From £13,520
01432 262502
Overall rating Good
Hip Replacement Fees
Initial consultation from £150
Treatment £13,370
Pre-assessment Included
Main treatment Included
Post-discharge care Included
Pre-assessment, Main treatment and Post-discharge care £13,370
Guide price £13,520
 What does guide price mean?

The price displayed for your initial consultation is a guideline only as Consultant fees vary according to their own individual fee schedules. The price displayed above however for pre-assessment, main treatment and post-discharge care is guaranteed and inclusive of all costs.

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Hereford Hospital

Venns Lane, Hereford, HR1 1DF

01432 355 131
Customer services 01432 262 502
Diagnostic imaging 01432 262 508
Outpatients 01432 262502

Why might I need a hip replacement?

Over time, the surfaces on the hip joint can start to wear. This can be caused by osteoarthritis or a previous injury to the hip. Osteoarthritis is painful as joints become stiff and inflamed when the smooth lining between the joints gets damaged or wears away. Without the protection of this lining, the rough surfaces of your bones rub together as you move, causing the pain that is all too common to sufferers. Simple, everyday things like going for a walk or even getting dressed become difficult. There’s no cure for osteoarthritis and it can get worse with time. However, joints can be replaced successfully, improving mobility and reducing pain. 

What happens during hip replacement?

    A variety of anaesthetic techniques can be used. Prior to your operation the anaesthetist will discuss these options with you
    Your surgeon’s choice of prosthesis will be based on several factors such as your age, your level of activity and your current condition. If you have concerns be sure and ask your surgeon about his prosthesis choice and the reasons behind it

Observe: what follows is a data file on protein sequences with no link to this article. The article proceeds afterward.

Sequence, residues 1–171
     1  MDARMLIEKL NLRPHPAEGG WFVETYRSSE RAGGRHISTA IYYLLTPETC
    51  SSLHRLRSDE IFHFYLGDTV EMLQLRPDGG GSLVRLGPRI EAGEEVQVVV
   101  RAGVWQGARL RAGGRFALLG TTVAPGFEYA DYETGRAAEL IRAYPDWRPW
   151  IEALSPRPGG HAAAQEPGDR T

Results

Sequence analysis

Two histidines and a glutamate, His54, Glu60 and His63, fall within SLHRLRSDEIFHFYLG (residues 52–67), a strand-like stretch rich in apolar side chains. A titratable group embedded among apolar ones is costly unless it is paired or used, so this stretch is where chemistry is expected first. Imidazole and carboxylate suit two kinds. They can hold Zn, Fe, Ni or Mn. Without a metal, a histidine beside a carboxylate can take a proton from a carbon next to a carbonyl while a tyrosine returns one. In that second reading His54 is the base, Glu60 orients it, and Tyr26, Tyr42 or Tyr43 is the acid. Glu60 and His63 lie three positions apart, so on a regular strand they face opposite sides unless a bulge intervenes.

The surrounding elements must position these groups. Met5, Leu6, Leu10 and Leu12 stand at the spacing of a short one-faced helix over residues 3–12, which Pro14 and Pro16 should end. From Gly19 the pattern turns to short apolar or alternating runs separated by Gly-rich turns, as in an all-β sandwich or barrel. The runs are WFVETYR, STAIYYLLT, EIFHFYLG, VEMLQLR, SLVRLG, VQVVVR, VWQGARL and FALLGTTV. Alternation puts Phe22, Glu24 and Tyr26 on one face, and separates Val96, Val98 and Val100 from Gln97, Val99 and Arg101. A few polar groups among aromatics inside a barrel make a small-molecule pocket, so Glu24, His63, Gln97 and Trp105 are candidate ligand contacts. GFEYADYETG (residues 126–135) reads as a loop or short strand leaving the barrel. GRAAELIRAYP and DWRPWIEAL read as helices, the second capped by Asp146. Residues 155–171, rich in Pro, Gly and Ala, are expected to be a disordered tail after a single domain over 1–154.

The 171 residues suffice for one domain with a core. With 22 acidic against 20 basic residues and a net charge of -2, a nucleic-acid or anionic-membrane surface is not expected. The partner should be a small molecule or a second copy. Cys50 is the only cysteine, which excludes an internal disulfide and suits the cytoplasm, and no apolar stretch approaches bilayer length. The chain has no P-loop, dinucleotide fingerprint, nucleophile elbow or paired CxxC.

Both cemented and uncemented replacements are used at Nuffield Health Hospitals
    Your surgical wound will be closed with stitches, staples or steri-strips.

After your hip replacement surgery

Once your hip operation is over, you’ll be taken to the recovery room where you will wake from the anaesthetic. Your wound, blood pressure and pulse will be checked carefully and you will have a large dressing covering your wound. You may have a small tube coming out of your wound, this is to drain away any excess fluid from the inside of the wound. You may also have a drip (infusion) going into your arm. This will keep you hydrated until you are able to drink, and it can also be used to give you pain relief. When you are stable and comfortable, a nurse will take you back to your room.

Back in your room

Once back in your room, our nursing team will continue to check on you to make sure you are recovering well. After you’ve recovered from the effects of the anaesthetic, you can start to do a number of things; you can have something to eat or drink, we may encourage you to move your legs if you are able and you may have some deep breathing exercises to do, to help prevent any chest problems after surgery. 

While you are in bed, you may have help with the circulation in your legs, in order to prevent blood clots (DVT). The first day or so you may wear boots on your legs that are inflated with air and you may also wear support stockings to help your circulation. Daily injections or tablets to help prevent blood clotting that may continue for up to 6 weeks may also be advised.